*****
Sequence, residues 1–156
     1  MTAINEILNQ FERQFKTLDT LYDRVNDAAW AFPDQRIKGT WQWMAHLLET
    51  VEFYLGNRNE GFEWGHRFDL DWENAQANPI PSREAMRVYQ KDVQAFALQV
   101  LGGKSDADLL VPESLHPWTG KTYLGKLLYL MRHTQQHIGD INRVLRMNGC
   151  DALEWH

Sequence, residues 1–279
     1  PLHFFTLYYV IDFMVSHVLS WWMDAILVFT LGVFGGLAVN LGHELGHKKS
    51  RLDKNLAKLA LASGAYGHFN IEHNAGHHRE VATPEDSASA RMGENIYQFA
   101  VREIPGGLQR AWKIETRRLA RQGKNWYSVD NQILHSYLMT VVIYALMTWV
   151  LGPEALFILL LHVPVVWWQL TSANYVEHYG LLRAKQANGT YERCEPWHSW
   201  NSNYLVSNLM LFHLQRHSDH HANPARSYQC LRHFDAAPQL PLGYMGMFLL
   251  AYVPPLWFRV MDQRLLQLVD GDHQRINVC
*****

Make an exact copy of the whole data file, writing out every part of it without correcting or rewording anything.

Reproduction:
Sequence, residues 1–156
     1  MTAINEILNQ FERQFKTLDT LYDRVNDAAW AFPDQRIKGT WQWMAHLLET
    51  VEFYLGNRNE GFEWGHRFDL DWENAQANPI PSREAMRVYQ KDVQAFALQV
   101  LGGKSDADLL VPESLHPWTG KTYLGKLLYL MRHTQQHIGD INRVLRMNGC
   151  DALEWH

Sequence, residues 1–279
     1  PLHFFTLYYV IDFMVSHVLS WWMDAILVFT LGVFGGLAVN LGHELGHKKS
    51  RLDKNLAKLA LASGAYGHFN IEHNAGHHRE VATPEDSASA RMGENIYQFA
   101  VREIPGGLQR AWKIETRRLA RQGKNWYSVD NQILHSYLMT VVIYALMTWV
   151  LGPEALFILL LHVPVVWWQL TSANYVEHYG LLRAKQANGT YERCEPWHSW
   201  NSNYLVSNLM LFHLQRHSDH HANPARSYQC LRHFDAAPQL PLGYMGMFLL
   251  AYVPPLWFRV MDQRLLQLVD GDHQRINVC